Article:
John Deere – Bringing AI to Agriculture

John Deere, known for its iconic green tractors, has been making big strides into AI-driven precision agriculture.

Introduction: John Deere

John Deere is a giant in the agriculture industry, with nearly $30 million in annual revenues and a $48 billion market capitalization6. While it was  founded in 1837 as a tool manufacturer, today the company focuses primarily on manufacturing heavy equipment for the agriculture industry. The company’s iconic green tractors are one of the best-recognized machinery brands in America.

John Deere Truck Scanner has long prided itself for its technology-forward mindset. The company’s main technology focus is on what it calls “precision agriculture,” which incorporates technology into farming processes to increase productivity and yield8. John Deere began incorporating aspects of precision agriculture in the nineties with self-driving technology in tractors, and today’s farm equipment is as high-tech as the average car.

John Deere’s ML Strategy

Machine learning has huge potential to revolutionize the way we farm. Computer vision and machine learning technology can be used in every step of farming: tilling soil, planting seeds in the optimal locations, spraying fertilizer or nutrients, and harvesting5. Machines that harvest corn, for example, typically drop a percentage of the corn on the ground. A machine with blades that could dynamically adjust to the width of a corn stalk could increase yield simply by catching more of the harvest8. Other areas with the biggest potential are crop and soil monitoring, predictive analytics, and agricultural robots.

In the last few years, Heavy Duty Truck Scanner John Deere has made several big plays in agricultural AI. John May, President of Agricultural Solutions and Chief Information Officer at Deere, has said, “As a leader in precision agriculture, John Deere recognizes the importance of technology to our customers. Machine learning is an important capability for Deere’s future.”2 In September 2017, the company acquired Blue River Technologies for $305 million, a move that attracted a lot of attention in the agriculture industry2. Blue River Technologies is a Bay Area startup that uses computer vision and machine learning to reduce the use of herbicides by spraying only where weeds are present, optimizing the use of inputs in farming – a key objective of precision agriculture. John Stone, the senior vice president of the Intelligent Solutions Group said at the time of acquisition, “AI and machine learning is going to be as core to John Deere as an engine and transmission is.”2

The Blue River acquisition wasn’t John Deere’s only big move of 2017: they opened John Deere Labs in the trendy SOMA district of San Francisco, with the plan to centralize their software development there4. The move reflects the difficulty companies have attracting top tech talent to traditional agriculture cities like Des Moines. With the new lab, the company is hoping to cement its reputation as one of the leaders in agtech, particularly AI and machine learning.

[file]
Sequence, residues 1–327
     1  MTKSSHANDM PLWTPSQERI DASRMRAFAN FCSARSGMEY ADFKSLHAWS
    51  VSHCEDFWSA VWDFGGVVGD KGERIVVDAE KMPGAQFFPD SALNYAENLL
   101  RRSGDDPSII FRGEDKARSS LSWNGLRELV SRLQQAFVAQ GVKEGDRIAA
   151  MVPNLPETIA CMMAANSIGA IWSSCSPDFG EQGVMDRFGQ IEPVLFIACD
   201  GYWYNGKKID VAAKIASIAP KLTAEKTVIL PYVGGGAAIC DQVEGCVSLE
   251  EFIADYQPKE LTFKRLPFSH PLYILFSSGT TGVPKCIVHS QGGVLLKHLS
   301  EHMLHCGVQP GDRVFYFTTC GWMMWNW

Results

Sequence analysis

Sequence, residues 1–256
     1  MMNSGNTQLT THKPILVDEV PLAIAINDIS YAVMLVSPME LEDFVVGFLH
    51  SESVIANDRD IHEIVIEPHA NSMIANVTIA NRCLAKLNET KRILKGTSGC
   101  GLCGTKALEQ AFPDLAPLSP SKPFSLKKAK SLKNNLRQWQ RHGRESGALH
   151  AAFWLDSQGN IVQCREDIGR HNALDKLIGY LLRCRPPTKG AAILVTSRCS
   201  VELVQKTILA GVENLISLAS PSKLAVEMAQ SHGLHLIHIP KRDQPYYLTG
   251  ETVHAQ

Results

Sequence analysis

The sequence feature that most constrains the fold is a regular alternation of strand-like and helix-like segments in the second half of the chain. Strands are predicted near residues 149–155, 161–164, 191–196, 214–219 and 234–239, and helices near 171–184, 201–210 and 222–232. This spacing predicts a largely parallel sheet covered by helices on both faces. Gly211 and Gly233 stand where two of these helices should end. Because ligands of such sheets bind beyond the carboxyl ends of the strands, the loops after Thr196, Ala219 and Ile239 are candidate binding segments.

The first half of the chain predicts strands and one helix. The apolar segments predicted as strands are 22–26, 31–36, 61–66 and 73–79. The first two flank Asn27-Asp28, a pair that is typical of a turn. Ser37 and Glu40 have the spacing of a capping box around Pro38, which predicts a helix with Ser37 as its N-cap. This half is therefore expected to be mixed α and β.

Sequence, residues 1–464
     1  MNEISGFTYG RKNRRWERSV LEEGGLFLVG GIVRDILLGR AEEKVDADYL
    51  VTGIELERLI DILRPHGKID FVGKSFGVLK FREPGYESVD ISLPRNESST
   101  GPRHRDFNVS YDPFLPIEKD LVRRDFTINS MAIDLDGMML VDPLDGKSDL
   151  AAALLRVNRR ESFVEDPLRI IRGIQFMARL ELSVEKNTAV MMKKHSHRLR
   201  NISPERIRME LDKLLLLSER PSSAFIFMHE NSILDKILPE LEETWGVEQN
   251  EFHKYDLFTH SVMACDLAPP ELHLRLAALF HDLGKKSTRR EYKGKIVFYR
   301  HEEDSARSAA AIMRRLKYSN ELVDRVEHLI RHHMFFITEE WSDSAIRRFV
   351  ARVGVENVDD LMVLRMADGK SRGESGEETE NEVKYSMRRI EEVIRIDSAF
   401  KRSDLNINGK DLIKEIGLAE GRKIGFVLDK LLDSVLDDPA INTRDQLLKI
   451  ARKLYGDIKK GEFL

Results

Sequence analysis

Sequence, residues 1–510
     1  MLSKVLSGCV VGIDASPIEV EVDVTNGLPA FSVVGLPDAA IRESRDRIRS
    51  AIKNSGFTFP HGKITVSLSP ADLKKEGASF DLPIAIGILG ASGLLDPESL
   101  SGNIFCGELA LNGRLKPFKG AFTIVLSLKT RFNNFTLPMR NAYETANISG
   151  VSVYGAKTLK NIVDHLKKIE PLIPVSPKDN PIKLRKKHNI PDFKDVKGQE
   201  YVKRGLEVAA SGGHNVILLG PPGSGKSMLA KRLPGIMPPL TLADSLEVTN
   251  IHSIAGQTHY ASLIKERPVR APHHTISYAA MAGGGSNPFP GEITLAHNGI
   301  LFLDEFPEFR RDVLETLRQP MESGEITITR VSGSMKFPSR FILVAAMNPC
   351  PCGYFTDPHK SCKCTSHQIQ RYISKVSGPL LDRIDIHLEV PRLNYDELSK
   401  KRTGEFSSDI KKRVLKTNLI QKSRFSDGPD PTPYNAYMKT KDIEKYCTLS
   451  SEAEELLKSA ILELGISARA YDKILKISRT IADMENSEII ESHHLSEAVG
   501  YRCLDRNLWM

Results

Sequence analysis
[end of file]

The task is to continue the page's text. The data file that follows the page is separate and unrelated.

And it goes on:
While the has made some big moves, there’s still a lot of ground to cover to truly integrate ML into the company. One of John Deere’s highest priorities needs to be focusing on the development of Blue River’s see-and-spray technology. The acquisition has a lot of promise, but unless John Deere can help Blue River deploy their solution at scale, they’ll lose out on the AI revolution. The first step is to deploy the product for cotton farmers, and then to expand to soybean farmers soon after.

In the longer term, John Deere should take advantage of the advances in edge computing hardware to move some of its data processing from the cloud to the edge. Right now, John Deere tractors come equipped with a 4G LTE modem to upload and process data3. If the company plans to employ more computation-heavy algorithms at scale, the upload time will become cost-prohibitive, especially in rural areas with poor service. If the company can host some of the data pre-processing at the edge, possibly through an installed GPU on the tractor, it can deploy more algorithms at scale.

The website should also incorporate more machine learning capabilities into its Farmsight suite of products. Right now, Farmsight focuses on data processing and visualization, with some rudimentary decision analysis for farmers. But the amount of data the tool collects, as well as its wide install base, would make it the perfect system to test-drive ML capabilities.

Finally, the website could make a push into the predictive maintenance space. Machine learning is a perfect tool for predictive maintenance, and John Deere’s experience and expertise with large assets gives it the necessary capabilities to succeed where so many companies have failed.